Rebecca Wodder, senior advisor to the U.S. Secretary of the Interior to the Minnesota River valley, visited the area to discuss the National Blueways system as part of the National Trails System Act.
What economic benefit does the Minnesota River provide for the region?
What conservation efforts currently being done on that river could be enhanced?
What would happen if every stakeholder group working on some portion or some issue related to the Minnesota would come together under one umbrella to work for the betterment of the entire river?
Those were the kinds of questions being asked during a recent two-day event that brought Rebecca Wodder, senior advisor to the U.S. Secretary of the Interior to the Minnesota River valley.
Wodder, who visited to discuss an initiative Ken Salazar, secretary of the interior established known as the National Blueways system as part of the National Trails System Act, talked about the benefits a blueway designation could mean for the Minnesota River watershed at several locations along the river.
One of those stops included a visit to the Minnesota Valley History Learning Center in Morton.
There she met with myriad stakeholder groups that talked about the value of the river and the efforts they are making to address everything from conservation to recreation within the Minne-sota River watershed.
Wodder said she has been very impressed with the grassroots efforts already present in the area, adding that kind of already established work could make a designation much easier to accomplish.
“The National Blueway system initiative is still very new,” Wodder said, adding the order came down officially in May.
While in some ways this initiative is still being developed, the first official designation was made for a river in Connecticut.
Wodder said all of the stakeholders would need to work together on the designation, as the blueway recognition is for the whole river, not just one portion.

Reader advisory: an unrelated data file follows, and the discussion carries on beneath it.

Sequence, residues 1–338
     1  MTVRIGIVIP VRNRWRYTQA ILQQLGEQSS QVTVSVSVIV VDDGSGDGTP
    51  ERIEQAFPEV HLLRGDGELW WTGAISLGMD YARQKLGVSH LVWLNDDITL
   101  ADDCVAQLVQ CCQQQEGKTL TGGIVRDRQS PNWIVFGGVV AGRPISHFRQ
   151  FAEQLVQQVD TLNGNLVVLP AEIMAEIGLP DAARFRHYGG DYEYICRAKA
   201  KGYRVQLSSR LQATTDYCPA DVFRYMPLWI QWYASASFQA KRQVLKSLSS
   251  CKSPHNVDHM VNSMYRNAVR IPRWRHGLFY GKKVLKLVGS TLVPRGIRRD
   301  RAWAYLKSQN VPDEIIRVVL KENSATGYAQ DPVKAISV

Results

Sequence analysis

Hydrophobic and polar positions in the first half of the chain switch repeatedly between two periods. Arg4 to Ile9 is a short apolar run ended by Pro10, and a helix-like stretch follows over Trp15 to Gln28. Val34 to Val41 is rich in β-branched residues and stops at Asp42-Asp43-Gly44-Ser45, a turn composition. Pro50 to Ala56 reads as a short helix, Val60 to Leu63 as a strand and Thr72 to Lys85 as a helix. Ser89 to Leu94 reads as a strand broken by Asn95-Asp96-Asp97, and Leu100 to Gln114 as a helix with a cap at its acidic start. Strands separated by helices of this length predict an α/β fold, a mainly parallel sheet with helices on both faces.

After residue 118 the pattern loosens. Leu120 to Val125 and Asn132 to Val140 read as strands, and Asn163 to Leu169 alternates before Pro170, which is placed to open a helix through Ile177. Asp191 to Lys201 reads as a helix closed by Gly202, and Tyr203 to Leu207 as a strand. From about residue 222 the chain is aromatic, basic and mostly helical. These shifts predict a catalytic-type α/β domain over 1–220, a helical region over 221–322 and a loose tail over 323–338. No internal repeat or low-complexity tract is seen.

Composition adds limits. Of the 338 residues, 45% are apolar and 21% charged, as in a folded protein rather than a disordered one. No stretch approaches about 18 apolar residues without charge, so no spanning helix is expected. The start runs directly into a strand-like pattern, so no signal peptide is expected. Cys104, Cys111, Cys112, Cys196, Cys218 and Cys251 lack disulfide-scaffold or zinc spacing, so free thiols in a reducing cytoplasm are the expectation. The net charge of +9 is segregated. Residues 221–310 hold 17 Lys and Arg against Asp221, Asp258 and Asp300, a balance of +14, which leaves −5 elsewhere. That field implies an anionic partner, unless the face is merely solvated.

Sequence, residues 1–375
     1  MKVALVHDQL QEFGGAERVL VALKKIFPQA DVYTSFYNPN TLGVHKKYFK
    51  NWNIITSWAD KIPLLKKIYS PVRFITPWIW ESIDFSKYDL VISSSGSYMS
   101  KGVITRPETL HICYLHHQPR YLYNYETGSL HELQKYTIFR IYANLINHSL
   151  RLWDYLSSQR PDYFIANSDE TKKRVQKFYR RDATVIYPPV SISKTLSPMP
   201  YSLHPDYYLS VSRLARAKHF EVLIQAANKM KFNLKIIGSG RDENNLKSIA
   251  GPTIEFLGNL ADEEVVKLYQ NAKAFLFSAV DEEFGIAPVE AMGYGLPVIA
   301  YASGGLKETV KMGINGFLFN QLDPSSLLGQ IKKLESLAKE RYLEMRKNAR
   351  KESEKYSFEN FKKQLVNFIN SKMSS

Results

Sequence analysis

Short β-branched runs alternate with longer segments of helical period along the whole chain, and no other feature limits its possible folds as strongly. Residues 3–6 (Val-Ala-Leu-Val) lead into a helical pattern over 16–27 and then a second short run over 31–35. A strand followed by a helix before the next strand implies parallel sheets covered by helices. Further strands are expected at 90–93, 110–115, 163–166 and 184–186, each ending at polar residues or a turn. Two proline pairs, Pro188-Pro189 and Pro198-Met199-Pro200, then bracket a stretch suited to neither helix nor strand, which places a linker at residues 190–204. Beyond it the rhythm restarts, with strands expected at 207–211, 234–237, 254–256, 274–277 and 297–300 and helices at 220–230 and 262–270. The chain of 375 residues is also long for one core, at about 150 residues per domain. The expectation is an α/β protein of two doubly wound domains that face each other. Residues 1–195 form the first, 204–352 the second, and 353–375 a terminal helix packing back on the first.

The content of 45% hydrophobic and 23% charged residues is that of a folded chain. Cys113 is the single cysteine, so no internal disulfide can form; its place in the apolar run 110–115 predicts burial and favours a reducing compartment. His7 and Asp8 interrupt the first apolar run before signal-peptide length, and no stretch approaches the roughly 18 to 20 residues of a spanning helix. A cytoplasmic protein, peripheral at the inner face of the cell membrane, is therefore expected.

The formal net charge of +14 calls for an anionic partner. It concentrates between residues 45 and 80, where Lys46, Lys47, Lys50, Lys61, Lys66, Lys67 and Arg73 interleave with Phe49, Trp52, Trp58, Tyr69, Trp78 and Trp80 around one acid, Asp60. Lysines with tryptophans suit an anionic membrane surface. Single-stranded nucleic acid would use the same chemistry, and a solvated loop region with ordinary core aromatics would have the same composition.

The challenge is getting all of the groups, which currently represent the part of the river they are most passionate about to collaborate on the river as a whole.
“I see what is already happening here,” said Wodder. “You all have worked hard individually and collectively.”
Now is the time to creat the common vision for the river as a whole, and the designation of the river can help get that ball rolling.
Should the river successfully attain the blueway designation, Wodder said the department of the interior would provide its technical and financial assistant to take the river’s efforts to the next level.
The intent is not only to raise awareness of the river on a national scale but also to create a marketing strategy that would allow for the river to be better used as a recreational destination.
That, said Wodder, means bringing in more people who would help to enhance the economy all along the river.
Wodder said the blueway designation is not regulatory, adding she believes the designation of the Minnesota River as a blueway would be a badge of honor for all who have worked so hard to create an environment that emphasizes conservation and recreation.